Georgia O’Keeffe

Posted on June 10th, by S. Bartron-Miscione in Creative Conversation. 8 comments


Georgia: A Novel of Georgia O’Keeffe, was a very good book recommendation for me, and I appreciate being included in the conversation about it — thank you, Esther. I am interested in sharing thoughts about women working in the arts: how our issues are the same as other women who work, and how our personal histories are unique to the creative process.

Reading Georgia was stunning to me, because I saw so much common ground in the story of OK’s life, (as one of her friends referred to her), which was a little creepy: like the author lifted material from the blog on my website about the things that source my subject matter and the “realness” I’m looking for in the forum of realism.  On the other hand, there is probably much that all women who paint will have in common — maybe that is true for all women who work with the creative process!

I have some questions that were inspired by the book, Georgia, and the book club venue.  I’m extending an invitation to everyone in your book club to respond to my questions and submit their own comments and questions on my blog @

To the four women artists, I’m extending the invitation to become a guest artist on my blog. If you’re interested in doing that, send the answers, questions and comments to my email address, along with a high res file of one of your works using:

I will have your material posted within a day or two of receiving your material.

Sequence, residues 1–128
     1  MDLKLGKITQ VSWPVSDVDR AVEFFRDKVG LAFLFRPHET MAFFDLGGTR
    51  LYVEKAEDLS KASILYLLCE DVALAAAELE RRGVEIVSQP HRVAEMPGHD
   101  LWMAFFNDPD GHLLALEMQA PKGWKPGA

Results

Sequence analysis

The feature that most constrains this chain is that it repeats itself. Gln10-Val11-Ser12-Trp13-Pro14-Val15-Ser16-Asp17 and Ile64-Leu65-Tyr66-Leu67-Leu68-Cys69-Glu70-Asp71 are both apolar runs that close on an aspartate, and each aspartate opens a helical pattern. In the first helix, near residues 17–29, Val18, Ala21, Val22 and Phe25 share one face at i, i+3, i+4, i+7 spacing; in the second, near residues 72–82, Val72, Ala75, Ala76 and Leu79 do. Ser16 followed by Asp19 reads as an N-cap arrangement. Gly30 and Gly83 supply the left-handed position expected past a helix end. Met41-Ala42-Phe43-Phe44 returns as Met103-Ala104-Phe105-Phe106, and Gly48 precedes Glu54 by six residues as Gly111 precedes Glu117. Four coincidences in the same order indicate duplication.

Reading about Georgia O’Keeffe and writing about her issues inspired me to open my blog to a few invited women-in-the-arts, for the purpose of: building a forum for ideas, showcasing work, discussing our shared art issues, and our individual creative processes.  I hope you will join me — this could get interesting!

For starters: you have to be ruthless to carve out the time to be an artist. That is true for men and women, but way more so for women, because the bulk of daily grind, unpaid work, and care giving has always been, and remains, the responsibility of women.  Unless there is a culture that I don’t know about, it is a universal truth.  It means that it’s probably not a good idea for a women artist to try to combine her life as an artist with a family life.  Any woman who becomes a wife and mother, contributes to the family income and participates in all of the social convention that those roles entail, will not have the time, or a place in her life devoted to making art — it’s not a reasonable expectation.  Outliers to the obvious, who can carve out enough time to make art, (they don’t sleep?), will still have to give up the goal of being involved in the business of art, or she must be independently wealthy, retired w/financial security, or the mistress/wife of Alfred Stieglitz — or a reasonably accurate version of him.  The options being what they are for women who paint, he was pretty unique in his devotion to OK and her success.  I don’t know any other woman artist who had, or has anyone like A.S. promoting her work.